- Briefing Room
U.S. Department of Transportation
Federal Highway Administration
1200 New Jersey Avenue, SE
Washington, DC 20590
Ms. Lynn Peterson
Suite 501 Evergreen Plaza
November 26, 2014
FY 2014 Performance Letter
Dear Ms. Peterson:
Based on the inspections, reviews, program evaluations, audits, and specific project involvement conducted by the Washington Division of the Federal Highway Administration (FHWA) in Federal Fiscal Year (FFY) 2014, I find:
Our office is responsible for stewardship and oversight of the federal-aid highway funds allocated to the state of Washington. Your agency is the state agency responsible for delivering these federal-aid funds. Annually hundreds of millions of dollars of Federal Highway funds flow into Washington State. In Federal Fiscal Year (FY) 2014 (October 1, 2013 - September 30, 2014), Washington state obligated $645,805,127 in formula and discretionary federal-aid funds. These funds were used to improve mobility and safety and reduce congestion through the construction of new roads and bridges, as well as the enhancement and preservation of existing infrastructure. Approximately 68 percent ($437,959,462) of those Federal highway funds were obligated for state projects and 32 percent ($207,845,665) were obligated by local agencies (cities and counties) for road projects during FFY 2014.
Annually, we conduct project inspections, program evaluations, systematic reviews, and financial audits of WSDOT and local agencies. For FFY 2014, we conducted numerous reviews of WSDOT's procedures and practices in project development and implementation. Following are the reviews and audits conducted and a brief synopsis of the findings. The full reports are available in our office.
Construction Inspections During FFY 2014 - Our office conducted 39 highway project construction inspections throughout the state (32 state and 7 local agencies). We conducted 19 inspections on Transportation Investment Generating Economic Recovery (TIGER) funded projects, and the remaining 20 on regular federal-aid funded projects or state-only funded projects. Summarizing all the inspection reports, WSDOT provides excellent oversight and administration of its construction program. The projects we reviewed were built in conformance with the approved plans and specifications. We discussed our findings and recommendations for these projects with the appropriate Project Engineer, resolved any issues, and shared the results with your Headquarters Construction and Local Programs (LP) offices via hard copies of the reports. We also noted numerous instances where innovative construction techniques and good contract administration practices were being used.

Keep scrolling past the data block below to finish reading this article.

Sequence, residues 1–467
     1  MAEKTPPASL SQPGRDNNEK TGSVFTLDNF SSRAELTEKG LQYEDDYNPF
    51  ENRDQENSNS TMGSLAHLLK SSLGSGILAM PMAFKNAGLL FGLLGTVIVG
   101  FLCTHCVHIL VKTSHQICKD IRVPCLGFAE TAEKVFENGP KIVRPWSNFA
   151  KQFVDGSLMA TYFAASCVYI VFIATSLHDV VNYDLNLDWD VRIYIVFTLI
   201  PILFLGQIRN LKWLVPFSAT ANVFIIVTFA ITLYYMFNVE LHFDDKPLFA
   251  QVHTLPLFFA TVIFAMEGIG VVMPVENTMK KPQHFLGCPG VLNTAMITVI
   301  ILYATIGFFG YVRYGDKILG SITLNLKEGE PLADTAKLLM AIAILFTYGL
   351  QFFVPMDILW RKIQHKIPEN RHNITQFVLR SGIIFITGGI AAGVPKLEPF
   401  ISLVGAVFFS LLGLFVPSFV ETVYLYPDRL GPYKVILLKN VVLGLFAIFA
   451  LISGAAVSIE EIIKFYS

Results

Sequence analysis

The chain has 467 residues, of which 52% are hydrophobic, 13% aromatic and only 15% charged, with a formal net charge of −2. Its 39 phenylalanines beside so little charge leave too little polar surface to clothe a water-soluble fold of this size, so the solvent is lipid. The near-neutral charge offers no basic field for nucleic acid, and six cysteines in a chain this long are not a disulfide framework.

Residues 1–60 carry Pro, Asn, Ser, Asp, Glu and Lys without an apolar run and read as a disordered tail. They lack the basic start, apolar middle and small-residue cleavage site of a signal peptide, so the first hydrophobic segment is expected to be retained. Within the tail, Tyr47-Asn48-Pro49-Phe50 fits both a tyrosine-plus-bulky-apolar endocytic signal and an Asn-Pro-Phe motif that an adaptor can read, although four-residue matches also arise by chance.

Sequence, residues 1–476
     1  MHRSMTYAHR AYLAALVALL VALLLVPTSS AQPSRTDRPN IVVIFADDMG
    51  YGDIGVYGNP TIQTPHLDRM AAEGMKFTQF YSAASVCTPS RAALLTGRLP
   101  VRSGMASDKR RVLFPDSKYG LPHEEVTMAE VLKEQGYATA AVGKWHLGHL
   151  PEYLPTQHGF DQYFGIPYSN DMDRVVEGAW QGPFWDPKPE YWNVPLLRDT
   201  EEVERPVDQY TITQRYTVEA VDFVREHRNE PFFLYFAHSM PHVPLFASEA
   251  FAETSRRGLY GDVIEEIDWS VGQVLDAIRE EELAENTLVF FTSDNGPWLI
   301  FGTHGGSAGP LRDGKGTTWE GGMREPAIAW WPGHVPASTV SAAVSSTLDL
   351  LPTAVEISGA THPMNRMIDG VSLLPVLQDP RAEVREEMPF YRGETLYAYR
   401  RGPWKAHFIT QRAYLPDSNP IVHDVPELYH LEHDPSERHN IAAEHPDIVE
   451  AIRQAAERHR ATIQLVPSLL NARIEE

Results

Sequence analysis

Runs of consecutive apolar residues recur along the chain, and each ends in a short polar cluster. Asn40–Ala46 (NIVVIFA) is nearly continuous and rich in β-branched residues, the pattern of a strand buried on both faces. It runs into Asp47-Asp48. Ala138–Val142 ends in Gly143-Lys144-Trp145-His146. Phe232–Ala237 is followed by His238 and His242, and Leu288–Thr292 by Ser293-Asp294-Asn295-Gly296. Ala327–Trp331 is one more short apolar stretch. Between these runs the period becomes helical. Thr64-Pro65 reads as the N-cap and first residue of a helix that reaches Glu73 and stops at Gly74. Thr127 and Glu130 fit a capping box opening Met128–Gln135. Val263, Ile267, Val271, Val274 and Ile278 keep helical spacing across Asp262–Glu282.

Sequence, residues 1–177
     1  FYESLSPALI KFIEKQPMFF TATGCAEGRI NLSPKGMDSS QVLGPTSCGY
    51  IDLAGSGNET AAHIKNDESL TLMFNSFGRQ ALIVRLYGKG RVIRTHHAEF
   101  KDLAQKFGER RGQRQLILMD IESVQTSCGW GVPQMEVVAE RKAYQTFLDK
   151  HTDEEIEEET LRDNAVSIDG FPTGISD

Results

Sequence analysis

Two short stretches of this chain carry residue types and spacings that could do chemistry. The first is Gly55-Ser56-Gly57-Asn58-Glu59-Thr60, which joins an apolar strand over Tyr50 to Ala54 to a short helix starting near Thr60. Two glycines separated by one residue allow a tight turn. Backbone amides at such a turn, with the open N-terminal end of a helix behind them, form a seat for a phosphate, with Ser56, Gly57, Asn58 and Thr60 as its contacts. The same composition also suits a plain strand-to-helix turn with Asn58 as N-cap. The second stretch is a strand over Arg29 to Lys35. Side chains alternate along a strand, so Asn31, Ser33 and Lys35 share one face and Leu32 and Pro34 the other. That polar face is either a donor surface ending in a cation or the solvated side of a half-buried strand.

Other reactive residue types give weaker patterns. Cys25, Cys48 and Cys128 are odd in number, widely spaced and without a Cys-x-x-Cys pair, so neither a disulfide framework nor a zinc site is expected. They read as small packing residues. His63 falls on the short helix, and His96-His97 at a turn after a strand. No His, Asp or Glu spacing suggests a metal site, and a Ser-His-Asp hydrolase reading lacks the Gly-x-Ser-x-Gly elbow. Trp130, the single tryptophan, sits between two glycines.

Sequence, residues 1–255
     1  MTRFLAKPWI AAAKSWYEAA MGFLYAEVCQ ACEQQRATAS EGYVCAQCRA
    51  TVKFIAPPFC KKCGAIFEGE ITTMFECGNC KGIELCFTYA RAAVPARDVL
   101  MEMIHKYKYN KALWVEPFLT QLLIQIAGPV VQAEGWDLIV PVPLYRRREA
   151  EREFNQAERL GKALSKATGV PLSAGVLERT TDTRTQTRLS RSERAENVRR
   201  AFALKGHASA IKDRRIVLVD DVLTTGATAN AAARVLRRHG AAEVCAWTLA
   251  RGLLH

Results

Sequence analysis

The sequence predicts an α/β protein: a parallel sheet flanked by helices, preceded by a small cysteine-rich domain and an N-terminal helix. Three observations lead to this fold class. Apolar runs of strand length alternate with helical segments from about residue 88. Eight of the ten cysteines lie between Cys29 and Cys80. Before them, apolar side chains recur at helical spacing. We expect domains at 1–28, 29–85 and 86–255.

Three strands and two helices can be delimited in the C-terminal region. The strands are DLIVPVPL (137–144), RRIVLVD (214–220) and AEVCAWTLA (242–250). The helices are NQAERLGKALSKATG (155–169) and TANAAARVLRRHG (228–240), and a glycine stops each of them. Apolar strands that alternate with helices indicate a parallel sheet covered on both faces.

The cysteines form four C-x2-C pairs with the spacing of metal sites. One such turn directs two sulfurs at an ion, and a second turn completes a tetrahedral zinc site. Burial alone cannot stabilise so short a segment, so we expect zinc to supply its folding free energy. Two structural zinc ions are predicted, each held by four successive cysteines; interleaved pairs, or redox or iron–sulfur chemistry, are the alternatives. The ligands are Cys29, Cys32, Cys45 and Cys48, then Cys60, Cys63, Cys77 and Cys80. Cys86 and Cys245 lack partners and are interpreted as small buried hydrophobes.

National Bridge Inspection Standards (NBIS) Annual Review - The 2014 NBIS review incorporating an oversight process that is risk-based, data-driven, and evaluates 23 metrics is fully underway. Our office has cooperated with WSDOT to gather bridge data, review bridge files, and conduct field visits to assist in the compliance determinations for 2013. WSDOT adheres to a Plan of Corrective Action (PCA) to resolve issues with inspection frequency. The 2014 NBIS compliance determinations on all 23 metrics are scheduled to be completed by December 31, 2014.
Design Stewardship Reviews - WSDOT Assistant State Design Engineers and our Area Engineers conduct annual Design Stewardship Reviews to assess WSDOT’s design process used on federal-aid projects. These reviews provided evidence that WSDOT’s design documentation, project record files, and Plans, Specifications, and Estimates (PS&E) are consistent with applicable state and federal requirements. In 2014, our Area Engineers conducted PS&E reviews instead of the traditional design stewardship reviews. We conducted 15 reviews; 3 on local agency projects and 12 on state projects. We had no significant findings from these reviews. Based upon the results of the review of documents, we found PS&E packages comply with Title 23 USC requirements, WSDOT design policies and procedures, and the WSDOT/FHWA Stewardship Agreement.